Eurhopalothrix schmidti (Menozzi 1936)

Formicidae, Hymenoptera, Insecta, Arthropoda, Animalia

worker lateral view

worker face view


Costa Rica (Monteverde, Meseta Central, Talamanca range).


Monteverde and Fila Cruces specimens: color red black; sides of head above eyes moderately angular; face rugose; scapes with differentiated, longer setae on leading edge; anterior lobe of scape moderately well developed (SLL/SL 0.17); face with 20 specialized setae, 8 forming a double arc from eye to eye, behind this a straight row of 6, the outermost ones near the margin at the widest point of the head, and behind this a row of 6 on the posterior vertex margin; specialized hairs on face spatulate, uniform in size, erect, distinct from smaller ground pilosity; ground pilosity small, sparse, evenly distributed on face; promesonotal dorsum evenly arched, propodeal suture distinctly impressed, propodeal dorsum subhorizontal, not forming a continuous curve with promesonotum; promesonotum usually with one pair of spatulate specialized hairs on humeri, occasionally one or two additional unpaired setae posteriorly; propodeal spines well developed, subtriangular; gastral dorsum with spatulate specialized hairs; HW 0.80, HL 0.77, SL 0.45, SLL 0.07, WL 0.89 (n=1).

Pittier Biological Station specimens: on some of the specimens in this series, the specialized setae of the middle row of the face are reduced or absent.

Similar species: JTL-001, JTL-008, JTL-009, JTL-010.

Natural History

The genus Eurhopalothrix occurs in the Neotropics and in the Indo-Australian-southwestern Pacific area (Brown and Kempf 1960). They are members of the "cryptobiotic" fauna: small, slow ants that live in rotten wood and leaf litter. They are predators, preying on small, soft-bodied arthropods (Wilson 1956, Brown and Kempf 1960, Wilson and Brown 1985).

Workers and nests are extremely difficult to see in the field, because the workers are camouflaged and very slow moving. On disturbance they freeze, often curling into a pupal position, and remain motionless for several minutes (Wilson and Brown 1985, Hoelldobler and Wilson 1986). As a result of their cryptic nature, they were considered extremely rare until the 1960's. But increasing use of Winkler and Berlese sampling has shown Eurhopalothrix to be relatively common. I encounter them in most Winkler samples from wet forest sites in Costa Rica.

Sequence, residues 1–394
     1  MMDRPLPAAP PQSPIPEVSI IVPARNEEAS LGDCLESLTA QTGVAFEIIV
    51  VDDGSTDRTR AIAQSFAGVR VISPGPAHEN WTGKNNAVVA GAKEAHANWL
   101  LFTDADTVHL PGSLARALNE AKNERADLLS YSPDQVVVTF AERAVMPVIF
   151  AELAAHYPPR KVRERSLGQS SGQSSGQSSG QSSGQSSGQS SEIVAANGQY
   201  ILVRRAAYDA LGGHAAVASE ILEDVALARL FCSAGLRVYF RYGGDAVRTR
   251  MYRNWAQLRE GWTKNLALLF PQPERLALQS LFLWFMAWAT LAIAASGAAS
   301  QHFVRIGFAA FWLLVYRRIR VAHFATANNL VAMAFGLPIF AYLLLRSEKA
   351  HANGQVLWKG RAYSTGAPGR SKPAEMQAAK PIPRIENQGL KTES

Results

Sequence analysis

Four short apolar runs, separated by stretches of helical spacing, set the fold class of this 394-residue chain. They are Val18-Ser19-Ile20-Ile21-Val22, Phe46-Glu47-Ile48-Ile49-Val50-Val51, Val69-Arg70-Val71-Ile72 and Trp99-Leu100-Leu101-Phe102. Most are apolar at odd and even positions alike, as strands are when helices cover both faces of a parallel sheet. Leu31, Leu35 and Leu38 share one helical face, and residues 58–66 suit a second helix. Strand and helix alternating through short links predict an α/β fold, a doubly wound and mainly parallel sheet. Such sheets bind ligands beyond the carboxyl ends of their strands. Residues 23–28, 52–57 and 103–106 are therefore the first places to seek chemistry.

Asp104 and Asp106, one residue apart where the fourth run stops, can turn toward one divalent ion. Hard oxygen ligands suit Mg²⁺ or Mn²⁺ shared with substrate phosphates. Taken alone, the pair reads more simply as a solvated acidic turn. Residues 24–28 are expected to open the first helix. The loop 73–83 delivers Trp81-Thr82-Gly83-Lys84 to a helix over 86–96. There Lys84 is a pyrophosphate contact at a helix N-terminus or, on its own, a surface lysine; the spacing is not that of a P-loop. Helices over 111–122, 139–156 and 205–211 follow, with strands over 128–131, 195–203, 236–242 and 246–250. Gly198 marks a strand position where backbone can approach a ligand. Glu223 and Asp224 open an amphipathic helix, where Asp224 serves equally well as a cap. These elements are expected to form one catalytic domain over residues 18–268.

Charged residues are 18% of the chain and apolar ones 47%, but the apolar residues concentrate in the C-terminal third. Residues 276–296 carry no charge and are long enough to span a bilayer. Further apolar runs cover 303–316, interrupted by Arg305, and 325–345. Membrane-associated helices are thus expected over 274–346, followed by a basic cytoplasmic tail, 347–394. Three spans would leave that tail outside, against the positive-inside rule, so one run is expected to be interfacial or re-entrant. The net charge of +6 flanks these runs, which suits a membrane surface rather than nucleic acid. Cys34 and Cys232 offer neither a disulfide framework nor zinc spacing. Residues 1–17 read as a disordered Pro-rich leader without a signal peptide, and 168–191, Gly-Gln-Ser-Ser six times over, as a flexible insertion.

This species is relatively abundant in the Monteverde community area, from 1300-1500m on the Pacific slope. This is a moist forest transition zone between the dry forest habitat lower down and the perpetually wet cloud forest on the ridge crest. The type locality is "La Caja," a site on the Meseta Central between the airport and San Jose. It was presumably a moist forest area at the time of collection, in the 1930's. I have also seen the species at two montane sites in southern Costa Rica. At the Pittier Biological Station, a site at 1670m on the Pacific slope of the central talamancan Cordillera, I encountered it in a Winkler sample from a patch of mature forest near a pasture edge. I also found it in a Winkler sample from a forest patch on Fila Cruces, a 1200m site near Wilson Botanical Garden.

Type Data

Rhopalothrix (Rhopalothrix) schmidti Menozzi 1936:82. Syntype worker, queen, larva: Costa Rica, La Caja [8km W. San Jose] (Schmidt) [MCZC, DEIC] (DEIC worker examined). Synonymized under E. gravis by Brown and Kempf 1960. PROPOSED REVISED STATUS.

I examined a type worker in 1990, and my notes indicate that it was identical to specimens from my collection #1487-s, a Winkler sample from "Hogue's Woods" in Monteverde.

Taxonomic notes

In the key of Brown and Kempf (1960), this species would fail at couplet 2 because it has 20 rather than 18 specialized setae on the face. Otherwise it keys to gravis, the species under which it was synonymized.

Literature Cited

Brown, W. L., Jr., Kempf, W. W. 1960. A world revision of the ant tribe Basicerotini. Stud. Entomol. (n.s.) 3:161-250.

Hoelldobler, B., Wilson, E. O. 1986. Soil-binding pilosity and camouflage in ants of the tribes Basicerotini and Stegomyrmecini (Hymenoptera, Formicidae). Zoomorphology (Berl.) 106:12-20.

Menozzi, C. 1936. Due nuovi Dacetini di Costa Rica e descrizione della larva di uno di essi (Hymenoptera: Formicidae). Arb. Morphol. Taxon. Entomol. Berl.-Dahl. 3:81-85.

Wilson, E. O. 1956. Feeding behavior in the ant Rhopalothrix biroi Szabo. Psyche (Camb.) 63:21-23.

Wilson, E. O., Brown, W. L., Jr. 1985 ("1984"). Behavior of the cryptobiotic predaceous ant Eurhopalothrix heliscata, n. sp. (Hymenoptera: Formicidae: Basicerotini). Insectes Soc. 31:408-428.

Page author:

John T. Longino, The Evergreen State College, Olympia WA 98505

Date of this version: 29 October 1999
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